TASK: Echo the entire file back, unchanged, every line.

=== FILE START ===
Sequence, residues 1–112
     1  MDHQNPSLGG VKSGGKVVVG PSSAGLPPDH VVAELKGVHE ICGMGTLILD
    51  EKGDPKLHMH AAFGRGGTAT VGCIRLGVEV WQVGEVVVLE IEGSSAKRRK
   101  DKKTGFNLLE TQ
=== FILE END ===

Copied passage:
Sequence, residues 1–112
     1  MDHQNPSLGG VKSGGKVVVG PSSAGLPPDH VVAELKGVHE ICGMGTLILD
    51  EKGDPKLHMH AAFGRGGTAT VGCIRLGVEV WQVGEVVVLE IEGSSAKRRK
   101  DKKTGFNLLE TQ